I have to listen to my body and respect what it wants. I was young when the pain started, so I’ve never had sex without pain. That also means I’ve had a long time to learn how to adjust things. I may not be able to practice all of the techniques or positions I’ve read about, but I have found quite a few popular ones that I can do without pain. I am careful to pace myself. For example, I know that when I give a hand job, I can only go for so long with each hand before the pain gets too bad, so I’m careful to switch before I reach that point, and I always time the switch to be the least disruptive to him. I also position my body to have the right leverage for my arm without straining my neck. I pay attention to what works for him, and I find ways to improve on it that he enjoys and that don’t hurt me. And when pain does sneak in, I make an effort to not let it disrupt things. Like a few weeks ago, when I was just starting to orgasm, and it felt so good, and my body tensed up, and my toes curled, and… OH MY GOD! THAT HURTS!  But I didn’t lose it. I relaxed my feet and uncurled my toes and felt the pain go away just enough, and I kept my head where it needed to be – in the orgasm. I could have let that spear of pain interrupt things, but I didn’t. Obviously that doesn’t work when the pain is at its worst, but so many times I’ve been able to ignore it or use it. And it’s always worth it! Of course, the most important thing I do for myself is communicating. I think that communication is always important during sex, but it’s extra important if you’re dealing with pain and other chronic issues. Tell your partner what’s likely to cause problems in advance, and stop him/her if there are problems in the middle. They won’t mind. And if they do, they don’t deserve you.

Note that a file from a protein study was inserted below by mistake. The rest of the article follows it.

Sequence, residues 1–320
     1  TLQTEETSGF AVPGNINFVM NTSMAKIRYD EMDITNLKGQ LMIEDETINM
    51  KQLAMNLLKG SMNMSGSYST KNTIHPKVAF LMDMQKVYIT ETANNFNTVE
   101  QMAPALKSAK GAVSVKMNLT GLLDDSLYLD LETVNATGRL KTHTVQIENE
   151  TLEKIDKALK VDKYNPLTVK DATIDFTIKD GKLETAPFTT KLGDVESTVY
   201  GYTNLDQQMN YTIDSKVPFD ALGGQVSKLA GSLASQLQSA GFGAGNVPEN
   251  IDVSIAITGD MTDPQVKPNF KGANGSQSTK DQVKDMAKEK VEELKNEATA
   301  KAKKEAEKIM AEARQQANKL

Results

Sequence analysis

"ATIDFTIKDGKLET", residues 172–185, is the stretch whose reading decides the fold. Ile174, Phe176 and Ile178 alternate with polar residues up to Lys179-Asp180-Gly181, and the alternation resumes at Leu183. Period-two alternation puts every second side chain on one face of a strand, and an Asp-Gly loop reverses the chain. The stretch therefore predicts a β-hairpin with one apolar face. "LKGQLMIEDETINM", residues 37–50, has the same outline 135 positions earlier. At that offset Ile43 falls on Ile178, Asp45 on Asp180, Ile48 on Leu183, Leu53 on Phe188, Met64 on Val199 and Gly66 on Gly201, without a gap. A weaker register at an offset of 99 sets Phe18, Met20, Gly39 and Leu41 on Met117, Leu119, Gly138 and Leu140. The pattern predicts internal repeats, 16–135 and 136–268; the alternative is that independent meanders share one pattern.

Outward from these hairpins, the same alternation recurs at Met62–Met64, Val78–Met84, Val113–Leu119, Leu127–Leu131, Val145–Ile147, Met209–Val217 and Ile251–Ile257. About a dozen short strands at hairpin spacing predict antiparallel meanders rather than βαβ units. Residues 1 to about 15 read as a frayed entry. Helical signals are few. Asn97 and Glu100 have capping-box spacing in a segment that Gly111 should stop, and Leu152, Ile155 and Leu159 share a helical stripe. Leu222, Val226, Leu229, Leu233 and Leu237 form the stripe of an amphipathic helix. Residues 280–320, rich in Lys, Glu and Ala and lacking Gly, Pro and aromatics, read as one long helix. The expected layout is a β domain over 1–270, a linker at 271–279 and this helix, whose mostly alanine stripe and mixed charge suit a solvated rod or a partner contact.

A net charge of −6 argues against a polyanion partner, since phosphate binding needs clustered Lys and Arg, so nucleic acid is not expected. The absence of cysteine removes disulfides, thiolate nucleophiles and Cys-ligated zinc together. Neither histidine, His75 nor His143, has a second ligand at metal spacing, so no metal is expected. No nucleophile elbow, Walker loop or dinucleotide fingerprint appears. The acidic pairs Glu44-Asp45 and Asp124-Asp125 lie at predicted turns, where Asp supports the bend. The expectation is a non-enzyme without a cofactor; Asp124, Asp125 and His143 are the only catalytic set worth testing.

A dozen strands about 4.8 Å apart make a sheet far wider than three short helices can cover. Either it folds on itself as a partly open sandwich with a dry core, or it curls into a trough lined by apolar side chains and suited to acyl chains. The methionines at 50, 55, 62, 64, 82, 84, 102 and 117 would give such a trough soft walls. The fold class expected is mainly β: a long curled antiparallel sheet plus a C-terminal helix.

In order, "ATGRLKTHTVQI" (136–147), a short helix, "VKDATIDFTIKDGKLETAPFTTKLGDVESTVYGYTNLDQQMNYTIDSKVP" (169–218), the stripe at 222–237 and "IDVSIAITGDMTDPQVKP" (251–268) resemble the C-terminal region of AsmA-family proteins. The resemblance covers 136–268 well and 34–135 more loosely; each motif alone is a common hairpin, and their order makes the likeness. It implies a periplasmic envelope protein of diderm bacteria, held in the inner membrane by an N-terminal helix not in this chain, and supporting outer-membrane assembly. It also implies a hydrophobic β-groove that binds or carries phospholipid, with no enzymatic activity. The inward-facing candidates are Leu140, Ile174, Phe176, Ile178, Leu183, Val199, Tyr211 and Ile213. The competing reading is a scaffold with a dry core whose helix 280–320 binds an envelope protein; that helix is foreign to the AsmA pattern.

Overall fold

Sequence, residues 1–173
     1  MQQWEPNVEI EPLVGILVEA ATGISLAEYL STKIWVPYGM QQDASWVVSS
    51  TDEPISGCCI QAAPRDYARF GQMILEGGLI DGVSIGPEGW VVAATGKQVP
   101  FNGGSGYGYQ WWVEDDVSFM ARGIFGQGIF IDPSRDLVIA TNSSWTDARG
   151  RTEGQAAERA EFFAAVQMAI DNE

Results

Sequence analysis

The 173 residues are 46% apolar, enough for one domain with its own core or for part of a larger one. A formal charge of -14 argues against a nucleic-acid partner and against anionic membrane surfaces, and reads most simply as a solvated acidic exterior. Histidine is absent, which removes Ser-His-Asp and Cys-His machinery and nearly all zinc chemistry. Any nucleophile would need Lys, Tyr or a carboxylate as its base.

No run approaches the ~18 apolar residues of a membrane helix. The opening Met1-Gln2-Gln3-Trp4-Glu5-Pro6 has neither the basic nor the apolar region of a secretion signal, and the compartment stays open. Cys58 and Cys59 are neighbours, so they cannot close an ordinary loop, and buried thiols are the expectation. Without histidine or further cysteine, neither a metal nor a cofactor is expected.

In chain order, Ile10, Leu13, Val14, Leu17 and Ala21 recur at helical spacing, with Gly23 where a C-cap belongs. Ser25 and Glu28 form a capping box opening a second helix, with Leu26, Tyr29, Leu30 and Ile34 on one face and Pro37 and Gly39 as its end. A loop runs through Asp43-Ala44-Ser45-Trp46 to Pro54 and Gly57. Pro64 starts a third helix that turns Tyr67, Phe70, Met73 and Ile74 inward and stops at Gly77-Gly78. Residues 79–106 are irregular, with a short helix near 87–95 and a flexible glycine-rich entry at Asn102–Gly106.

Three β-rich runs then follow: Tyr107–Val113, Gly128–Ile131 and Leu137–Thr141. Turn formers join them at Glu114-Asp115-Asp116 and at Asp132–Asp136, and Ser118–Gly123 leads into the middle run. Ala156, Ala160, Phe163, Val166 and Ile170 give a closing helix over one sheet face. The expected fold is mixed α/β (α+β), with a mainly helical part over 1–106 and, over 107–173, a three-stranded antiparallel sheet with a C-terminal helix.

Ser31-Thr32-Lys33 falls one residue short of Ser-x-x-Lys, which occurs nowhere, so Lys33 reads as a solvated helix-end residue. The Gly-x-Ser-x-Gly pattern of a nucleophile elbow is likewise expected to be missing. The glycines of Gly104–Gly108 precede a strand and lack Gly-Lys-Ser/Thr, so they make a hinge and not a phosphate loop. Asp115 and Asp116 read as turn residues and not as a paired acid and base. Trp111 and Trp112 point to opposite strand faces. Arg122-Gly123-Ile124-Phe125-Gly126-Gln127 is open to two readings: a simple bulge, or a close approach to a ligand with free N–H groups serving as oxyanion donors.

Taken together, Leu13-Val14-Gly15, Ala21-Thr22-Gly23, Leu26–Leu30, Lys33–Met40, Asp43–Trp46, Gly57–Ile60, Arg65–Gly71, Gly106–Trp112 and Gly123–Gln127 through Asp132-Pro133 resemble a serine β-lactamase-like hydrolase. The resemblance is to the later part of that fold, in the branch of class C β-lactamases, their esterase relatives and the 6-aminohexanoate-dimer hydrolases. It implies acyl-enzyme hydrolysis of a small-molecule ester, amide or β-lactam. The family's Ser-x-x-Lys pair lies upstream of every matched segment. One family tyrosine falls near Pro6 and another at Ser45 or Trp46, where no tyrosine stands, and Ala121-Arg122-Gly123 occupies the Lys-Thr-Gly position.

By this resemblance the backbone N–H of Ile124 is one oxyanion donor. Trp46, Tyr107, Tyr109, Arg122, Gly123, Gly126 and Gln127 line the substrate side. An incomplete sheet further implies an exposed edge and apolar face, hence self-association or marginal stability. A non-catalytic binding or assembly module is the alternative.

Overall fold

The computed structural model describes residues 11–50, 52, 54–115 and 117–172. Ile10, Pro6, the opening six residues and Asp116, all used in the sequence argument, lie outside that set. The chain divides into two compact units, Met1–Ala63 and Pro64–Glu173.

So you need to do your part too. You need to make sure you’re doing the best you can for your body. Communicate and respect your own needs. And make sure it’s not all about you – do nice things for your partner, too. Most of all, don’t put up with anyone who isn’t kind, respectful, and understanding. You deserve all of those things, and don’t let anyone tell you otherwise. We’re sick. We have health problems. Fine. But we are still fine human beings to deserve to be treated as well as everyone else.

Taking pills 10 times a day, literally

May 17, 2013

I wrote once about how much time I spend on health stuff. I wrote about lawyers and insurance and doctors… those are the things that you’d expect to be both time consuming and mentally consuming. As I was trying to work out a new pill schedule the other day, it occurred to me that most people probably have no idea just how time consuming, not to mention mentally consuming, it can be to take pills!

A “healthy” person might not take any pills. Or they swallow an occasional multivitamin or birth control pill. I’ve been trying to remember when I last had a day without pills and my guess is that it was probably around 1996 or so. Then for years my pills were simple: a birth control pill, then a BCP and a thyroid pill, then a BCP and the thyroid one and a multivitamin…. and then it got worse.